Emmet Hiemstra of Truckee, California, built this ’98 XJ during his senior year of high school as a father-and-son project with his dad, Doug. They did all of the work themselves, while keeping to a strict budget. The two-door Cherokee was built to run difficult trails around Tahoe, while remaining drivable on 200-plus-mile highways trips. Its maiden voyage was over the Rubicon Trail alongside Doug in his ’06 TJ. The powertrain has a 4.0L engine with a Dynomax cat-back exhaust, an AW4 transmission, and an NP231 transfer case with a Rugged Ridge slip-yoke eliminator. The Jeep rides on a 4.5-inch lift thanks to Rough Country’s X-Flex short arms up front and Rough County full leaf packs in the rear. The front axle is a high-pinion Dana 30, and the rear is an 8.25 with an Aussie locker and 3.55 gears. The family project also has narrow off-road bumpers, a roof rack spare carrier, and trimmed fenders that make room for 33x12.50R15 BFGoodrich Mud-Terrain tires on 15x8-inch ProComp Rock Crawler wheels.
Douglas Patrick of Bridgeport, Texas, says his ’49 Willys CJ-3A has provided counseling during and after his divorce. His “Beast on a Budget” build has a ’58 Hurricane F-134 engine, the original T-90 transmission, a Dana 18 transfer case, a Dana 25 front axle, and a Dana 44 rear axle. The previous owner cut a hole in the hood for a scoop that Douglas removed and replaced with a custom ram air/spare tire setup. Along with bodywork and a homemade camouflage paint job, Douglas says he’s “begged, borrowed, and traded beer” for parts and some repair work that he couldn’t do himself.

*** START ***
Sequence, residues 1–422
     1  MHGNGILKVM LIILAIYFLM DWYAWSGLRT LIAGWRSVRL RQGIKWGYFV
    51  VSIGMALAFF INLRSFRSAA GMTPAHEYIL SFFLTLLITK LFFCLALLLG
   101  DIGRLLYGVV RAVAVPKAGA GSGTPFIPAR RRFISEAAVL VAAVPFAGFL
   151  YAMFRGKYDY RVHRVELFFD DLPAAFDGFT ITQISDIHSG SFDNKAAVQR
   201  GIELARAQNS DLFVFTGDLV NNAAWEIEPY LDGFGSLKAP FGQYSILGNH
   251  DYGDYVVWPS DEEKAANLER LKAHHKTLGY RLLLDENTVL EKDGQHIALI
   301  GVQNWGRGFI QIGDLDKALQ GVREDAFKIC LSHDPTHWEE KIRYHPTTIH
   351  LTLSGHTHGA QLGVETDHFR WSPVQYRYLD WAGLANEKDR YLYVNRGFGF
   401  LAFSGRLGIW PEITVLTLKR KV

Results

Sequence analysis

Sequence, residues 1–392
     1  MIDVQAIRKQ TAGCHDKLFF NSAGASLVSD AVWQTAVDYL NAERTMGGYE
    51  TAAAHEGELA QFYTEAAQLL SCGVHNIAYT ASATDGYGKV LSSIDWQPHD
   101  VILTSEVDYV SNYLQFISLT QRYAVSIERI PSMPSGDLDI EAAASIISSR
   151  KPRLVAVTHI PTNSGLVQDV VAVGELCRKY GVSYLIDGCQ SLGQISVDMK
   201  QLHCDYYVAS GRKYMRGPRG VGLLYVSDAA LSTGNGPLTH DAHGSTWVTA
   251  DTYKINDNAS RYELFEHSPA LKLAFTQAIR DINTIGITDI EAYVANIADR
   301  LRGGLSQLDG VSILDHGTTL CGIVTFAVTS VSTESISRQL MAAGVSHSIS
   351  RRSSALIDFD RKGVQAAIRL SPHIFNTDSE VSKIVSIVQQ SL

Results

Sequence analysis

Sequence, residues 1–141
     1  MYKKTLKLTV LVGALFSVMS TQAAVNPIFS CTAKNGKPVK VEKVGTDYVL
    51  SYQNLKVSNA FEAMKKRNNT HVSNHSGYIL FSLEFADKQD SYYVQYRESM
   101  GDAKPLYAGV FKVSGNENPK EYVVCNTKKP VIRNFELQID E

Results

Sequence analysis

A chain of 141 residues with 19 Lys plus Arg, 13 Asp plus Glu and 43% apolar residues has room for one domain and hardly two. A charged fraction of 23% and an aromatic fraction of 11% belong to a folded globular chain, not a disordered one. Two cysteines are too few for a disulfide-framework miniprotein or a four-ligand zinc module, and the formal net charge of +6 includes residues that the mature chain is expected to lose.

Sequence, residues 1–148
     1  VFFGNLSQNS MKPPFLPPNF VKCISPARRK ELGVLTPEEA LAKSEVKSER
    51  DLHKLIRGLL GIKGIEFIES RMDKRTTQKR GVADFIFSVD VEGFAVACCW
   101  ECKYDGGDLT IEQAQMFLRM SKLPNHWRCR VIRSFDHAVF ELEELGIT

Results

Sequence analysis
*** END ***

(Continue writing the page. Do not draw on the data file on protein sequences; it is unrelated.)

Jerry Wilcox of Victoria, Texas, built his ’01 XJ to be a good-looking daily driver that can still perform well on the trails, and it appears he’s accomplished both of his goals. The Cherokee rides on a Rubicon Express long-arm suspension lift with 5-inch coils with ACOS in front and Rubicon Express leaf springs with shackle extenders in the rear. The front axle is a Dana 44, and the rear is a shaved 9-inch with G2 axleshafts and 4.56 gears. Jerry has two sets of tires for his XJ, with 35x12.50R15 BFGoodrich All-Terrain T/As for the street and 35x12.50R15 BFG Mud-Terrain T/A KM2 tires for the trails on ProComp 1079 aluminum wheels with simulated beadlocks. Other upgrades include custom bumpers with a front bull bar and a rear spare tire carrier, rock sliders, fender flares, spot lamps, smoked side lamps, and dark-tinted glass.
Honey, I Bought a Jeep